Black★Rock Shooter

Black★Rock Shooter

brs

Earlier this year, Black Rock Shooter appeared to be everywhere, and everyone was talking about it. I myself discovered it whilst watching an episode of Danny Choo’s Culture Japan. With it’s interesting music, eerie-looking characters, coupled with the rising hype, I was convinced to give it a try.

Not many animes can claim to originate in the unique way that Black Rock Shooter did. A character drawn and posted onto a blog, which inspired J-Pop band Supercell to write a song (with the Haysune Miku Vocaloid sysnthesiser, a collaboration on a film clip, an OVA, several manga, an iPhone game, and then as an eight-episode anime. With an almost backward rise to popularity, it is a wonder how BRS managed to become so successful. But the answers are definitely there – in the music, the twisty storyline, and the enigmatic monochrome characters with their sole splashes of colour.

brs1Black Rock Shooter is essentially a story of two halves. In reality, Mato Kuroi and Yomi Takanashi meet at school, and their opposites attract immediately – naive and innocent Mato with reserved and mature Yomi. They become close friends, but some friendships are not meant to last, and they find themselves drifting apart throughout the school year. Meanwhile, in a surreal fantasy realm, the fiery blue-eyed Black Rock Shooter goes up against the scythe-weilding Dead Master in a fight to the death.

I’ll be honest here – the storyline isn’t exactly the strongest, but this is what allows so many other different aspect to take the reins and steer. The music, of course, is very important in BRS, and when it was combined with the otherworldly fight scenes it was almost a work of art. It was vibrant, intense, frenzied and it practically left me open-mouthed. For the most part, not a single word was spoken throughout these fight scenes; they didn’t really need them as the message was channeled through music and tension and colour, which was just fascinating to witness. In comparison, the normal world of schoolgirl life managed to convey a similar theme even though the settings are poles apart. So much is conveyed by what the character’s aren’t saying to each other that it creates a heady tension that kept me waiting for the inevitable snap.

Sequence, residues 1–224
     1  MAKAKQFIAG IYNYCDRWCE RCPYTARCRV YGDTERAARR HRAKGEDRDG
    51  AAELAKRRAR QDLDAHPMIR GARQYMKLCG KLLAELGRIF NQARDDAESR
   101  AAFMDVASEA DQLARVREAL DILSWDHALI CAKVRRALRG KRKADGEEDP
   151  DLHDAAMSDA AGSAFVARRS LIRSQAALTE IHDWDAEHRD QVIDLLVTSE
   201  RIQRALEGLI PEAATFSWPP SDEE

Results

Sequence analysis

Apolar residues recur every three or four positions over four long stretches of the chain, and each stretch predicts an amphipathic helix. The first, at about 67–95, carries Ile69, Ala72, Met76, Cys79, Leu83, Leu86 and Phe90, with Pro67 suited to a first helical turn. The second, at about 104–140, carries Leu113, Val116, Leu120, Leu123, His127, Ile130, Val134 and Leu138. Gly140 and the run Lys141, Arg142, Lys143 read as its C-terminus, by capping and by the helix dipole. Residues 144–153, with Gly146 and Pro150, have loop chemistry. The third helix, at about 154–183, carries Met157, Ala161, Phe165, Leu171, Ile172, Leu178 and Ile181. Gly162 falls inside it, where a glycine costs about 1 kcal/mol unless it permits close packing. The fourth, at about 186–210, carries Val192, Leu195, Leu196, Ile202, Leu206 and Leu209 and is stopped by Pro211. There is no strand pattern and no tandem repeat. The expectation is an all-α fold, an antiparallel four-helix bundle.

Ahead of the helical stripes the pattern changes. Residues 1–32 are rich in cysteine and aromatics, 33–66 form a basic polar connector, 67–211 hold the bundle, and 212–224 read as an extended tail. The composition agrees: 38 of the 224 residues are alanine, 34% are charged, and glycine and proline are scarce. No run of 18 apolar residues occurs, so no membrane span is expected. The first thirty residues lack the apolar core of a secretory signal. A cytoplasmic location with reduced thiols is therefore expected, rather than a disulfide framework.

However, as mentioned earlier, this anime is only eight episodes long. That’s a lot of psychological pain and plot tie-ins to get into eight episodes. They succeeded with the former, but the latter suffered as a result. I guess the trick with BRS is to not over-think it all. For me, there were a lot of unanswered questions at the end. I caught on quickly to the main plot ideas of this series, but I was always guessing on how they would come into realisation. And they didn’t. Not in any solid way that I could grasp. It would appear that the main joy-factor of Black Rock Shooter is in the ride, and not the destination. But don’t let this put you off – BRS rose to fame for a reason, and the things of which it boasts (a wonderful score of melodies, sinister characters, and a progressively complex layering of two stories in perfect synchronisation) are definitely worth the watch.